- Clinical Trials Participation -- Excitement about this new class of drugs was tempered by the recognition that many trials are slowed by the need for volunteers. Dr. Ratjen explained that though many people with CF have participated in numerous trials throughout the years, the need for volunteers is even greater now: from 500 in 2003 to 6,000 expected in 2009.
“I Am the Key” buttons and badges worn by conference attendees were a reminder of the CF Foundation’s efforts to bolster clinical trials participation through information pamphlets, a toll-free clinical trials hotline and other outreach methods. Speakers throughout the day also urged people to speak with their care center staff and talk to patients and families about the crucial need to participate in trials and ensure that much-needed treatments continue to be developed.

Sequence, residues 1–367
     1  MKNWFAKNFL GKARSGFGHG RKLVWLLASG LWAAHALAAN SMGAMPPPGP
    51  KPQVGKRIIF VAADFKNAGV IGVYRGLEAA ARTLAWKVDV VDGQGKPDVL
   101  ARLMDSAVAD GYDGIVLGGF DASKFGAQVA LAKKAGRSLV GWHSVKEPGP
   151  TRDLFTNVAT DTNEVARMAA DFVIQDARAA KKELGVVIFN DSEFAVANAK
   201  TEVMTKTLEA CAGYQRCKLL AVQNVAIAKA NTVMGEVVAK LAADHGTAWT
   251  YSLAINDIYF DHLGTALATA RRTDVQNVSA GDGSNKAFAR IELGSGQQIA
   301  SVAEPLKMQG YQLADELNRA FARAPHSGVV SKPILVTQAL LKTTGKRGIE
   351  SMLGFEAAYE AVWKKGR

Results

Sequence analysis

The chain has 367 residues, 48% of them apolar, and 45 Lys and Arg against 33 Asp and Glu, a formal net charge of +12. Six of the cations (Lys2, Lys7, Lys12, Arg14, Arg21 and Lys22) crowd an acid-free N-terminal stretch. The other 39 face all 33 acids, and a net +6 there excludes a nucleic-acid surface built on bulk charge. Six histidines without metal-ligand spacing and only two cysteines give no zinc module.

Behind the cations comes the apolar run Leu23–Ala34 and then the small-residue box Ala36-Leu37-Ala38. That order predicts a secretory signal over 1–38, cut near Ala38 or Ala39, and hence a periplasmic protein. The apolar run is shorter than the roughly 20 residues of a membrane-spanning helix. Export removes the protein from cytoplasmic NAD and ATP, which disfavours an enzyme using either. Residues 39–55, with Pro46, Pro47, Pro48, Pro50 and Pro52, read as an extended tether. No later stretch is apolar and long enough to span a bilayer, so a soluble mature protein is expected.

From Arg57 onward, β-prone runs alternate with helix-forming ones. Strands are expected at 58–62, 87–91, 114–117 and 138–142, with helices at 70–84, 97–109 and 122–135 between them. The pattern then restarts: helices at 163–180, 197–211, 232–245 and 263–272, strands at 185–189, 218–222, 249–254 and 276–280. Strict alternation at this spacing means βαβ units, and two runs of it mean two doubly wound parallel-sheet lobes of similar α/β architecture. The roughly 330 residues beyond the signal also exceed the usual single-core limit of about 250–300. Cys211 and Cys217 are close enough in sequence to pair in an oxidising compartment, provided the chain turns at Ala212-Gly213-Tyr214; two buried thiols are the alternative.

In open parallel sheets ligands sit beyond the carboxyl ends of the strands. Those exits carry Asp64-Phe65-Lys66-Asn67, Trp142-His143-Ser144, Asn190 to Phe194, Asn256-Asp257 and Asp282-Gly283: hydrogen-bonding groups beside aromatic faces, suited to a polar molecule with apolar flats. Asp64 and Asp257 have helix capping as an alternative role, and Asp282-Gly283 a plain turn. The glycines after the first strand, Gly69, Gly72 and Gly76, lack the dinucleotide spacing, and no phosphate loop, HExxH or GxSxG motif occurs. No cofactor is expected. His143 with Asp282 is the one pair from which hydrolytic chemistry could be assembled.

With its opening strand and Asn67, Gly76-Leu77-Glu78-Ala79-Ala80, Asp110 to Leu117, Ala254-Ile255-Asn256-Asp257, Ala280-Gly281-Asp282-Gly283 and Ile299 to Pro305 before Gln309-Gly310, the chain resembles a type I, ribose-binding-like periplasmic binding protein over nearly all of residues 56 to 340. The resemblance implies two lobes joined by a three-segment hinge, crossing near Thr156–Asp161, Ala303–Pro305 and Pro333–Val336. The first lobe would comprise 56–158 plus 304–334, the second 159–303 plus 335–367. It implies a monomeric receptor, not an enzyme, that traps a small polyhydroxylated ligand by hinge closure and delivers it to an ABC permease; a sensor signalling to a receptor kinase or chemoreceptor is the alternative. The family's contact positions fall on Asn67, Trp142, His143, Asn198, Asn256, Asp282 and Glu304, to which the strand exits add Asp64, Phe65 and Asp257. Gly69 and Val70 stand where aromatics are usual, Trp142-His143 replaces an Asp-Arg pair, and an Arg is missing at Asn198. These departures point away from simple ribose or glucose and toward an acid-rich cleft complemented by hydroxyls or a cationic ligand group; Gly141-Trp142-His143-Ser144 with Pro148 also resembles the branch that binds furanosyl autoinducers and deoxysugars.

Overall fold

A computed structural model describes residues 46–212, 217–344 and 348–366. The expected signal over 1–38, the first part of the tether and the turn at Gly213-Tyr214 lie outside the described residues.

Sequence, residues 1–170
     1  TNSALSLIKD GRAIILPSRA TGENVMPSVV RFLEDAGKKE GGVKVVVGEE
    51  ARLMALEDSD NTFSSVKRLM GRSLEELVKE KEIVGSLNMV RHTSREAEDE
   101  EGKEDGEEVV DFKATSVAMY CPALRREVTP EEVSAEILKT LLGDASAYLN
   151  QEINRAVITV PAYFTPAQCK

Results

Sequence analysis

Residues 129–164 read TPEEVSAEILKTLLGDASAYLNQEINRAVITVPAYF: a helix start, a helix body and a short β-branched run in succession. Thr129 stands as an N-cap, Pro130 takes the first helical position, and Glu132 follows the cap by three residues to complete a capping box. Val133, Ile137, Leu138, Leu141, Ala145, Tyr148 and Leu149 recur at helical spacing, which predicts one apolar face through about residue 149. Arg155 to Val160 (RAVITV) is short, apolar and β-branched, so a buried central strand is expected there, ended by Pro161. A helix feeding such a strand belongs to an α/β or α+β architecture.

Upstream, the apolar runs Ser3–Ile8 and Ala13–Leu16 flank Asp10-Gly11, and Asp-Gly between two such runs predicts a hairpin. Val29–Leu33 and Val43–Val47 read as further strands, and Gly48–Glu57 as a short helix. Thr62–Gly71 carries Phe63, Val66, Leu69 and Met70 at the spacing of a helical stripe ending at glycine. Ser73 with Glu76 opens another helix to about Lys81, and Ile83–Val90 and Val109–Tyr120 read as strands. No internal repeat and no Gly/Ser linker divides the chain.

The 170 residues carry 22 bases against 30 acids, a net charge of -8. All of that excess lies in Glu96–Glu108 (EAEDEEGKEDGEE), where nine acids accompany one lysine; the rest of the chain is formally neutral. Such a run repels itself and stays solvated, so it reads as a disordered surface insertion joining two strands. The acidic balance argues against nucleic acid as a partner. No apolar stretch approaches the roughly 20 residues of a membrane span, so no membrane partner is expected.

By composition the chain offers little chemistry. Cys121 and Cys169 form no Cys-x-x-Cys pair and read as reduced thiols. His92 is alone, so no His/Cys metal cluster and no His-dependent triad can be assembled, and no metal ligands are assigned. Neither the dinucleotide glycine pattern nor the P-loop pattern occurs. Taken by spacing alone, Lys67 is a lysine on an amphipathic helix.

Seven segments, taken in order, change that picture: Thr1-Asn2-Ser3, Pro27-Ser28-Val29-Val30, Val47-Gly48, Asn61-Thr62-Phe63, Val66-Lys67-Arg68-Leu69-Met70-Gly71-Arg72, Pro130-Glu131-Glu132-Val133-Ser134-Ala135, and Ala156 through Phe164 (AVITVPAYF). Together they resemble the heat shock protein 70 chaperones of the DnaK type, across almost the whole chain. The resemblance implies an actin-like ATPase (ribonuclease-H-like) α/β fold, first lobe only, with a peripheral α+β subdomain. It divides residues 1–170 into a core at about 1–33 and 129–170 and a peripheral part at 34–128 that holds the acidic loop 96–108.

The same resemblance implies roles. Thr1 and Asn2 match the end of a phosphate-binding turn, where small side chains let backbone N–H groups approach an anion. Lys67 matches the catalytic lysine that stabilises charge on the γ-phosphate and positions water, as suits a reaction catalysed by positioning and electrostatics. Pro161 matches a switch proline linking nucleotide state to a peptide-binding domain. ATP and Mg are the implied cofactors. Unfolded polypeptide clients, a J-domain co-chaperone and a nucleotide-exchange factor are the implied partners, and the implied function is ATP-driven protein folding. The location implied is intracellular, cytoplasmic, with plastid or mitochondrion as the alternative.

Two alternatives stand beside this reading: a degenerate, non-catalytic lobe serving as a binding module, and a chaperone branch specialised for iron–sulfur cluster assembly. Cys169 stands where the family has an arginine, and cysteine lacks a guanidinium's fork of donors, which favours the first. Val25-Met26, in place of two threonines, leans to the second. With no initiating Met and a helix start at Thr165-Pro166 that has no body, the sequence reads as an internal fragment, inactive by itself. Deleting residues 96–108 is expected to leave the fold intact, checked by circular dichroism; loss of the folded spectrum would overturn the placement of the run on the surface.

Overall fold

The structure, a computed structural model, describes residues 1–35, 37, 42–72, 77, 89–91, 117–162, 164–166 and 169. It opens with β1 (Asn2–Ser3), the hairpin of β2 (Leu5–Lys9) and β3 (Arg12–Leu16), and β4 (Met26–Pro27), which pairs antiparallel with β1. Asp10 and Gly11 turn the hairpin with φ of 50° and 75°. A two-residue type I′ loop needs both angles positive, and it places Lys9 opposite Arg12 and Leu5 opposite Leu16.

- Quality Improvement Initiative -- Participation by people with CF and their families on quality improvement initiatives was also the center of discussions throughout the sessions today. At one symposium, a team from Children’s Memorial Hospital in Chicago described their success in improving outcomes by engaging families actively during clinic visits.
The CF Foundation strongly supports the concept and convened a first-of-its-kind session for Family Advisory Groups. Physicians, nurses, social workers and families came together to brainstorm ways to help care centers overcome potential barriers to the formation of these groups. Centers with successful groups shared ideas with those who are struggling to get family advisory groups started. Parents in advisory groups spoke about how empowered they felt by making decisions that improve the delivery of care to their children. People left energized with new ideas and ways to form productive teams between families and clinic staff that can result in improving the outcomes for their centers and, of course, improving the health and lives of those affected by CF.
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Sat., Oct. 6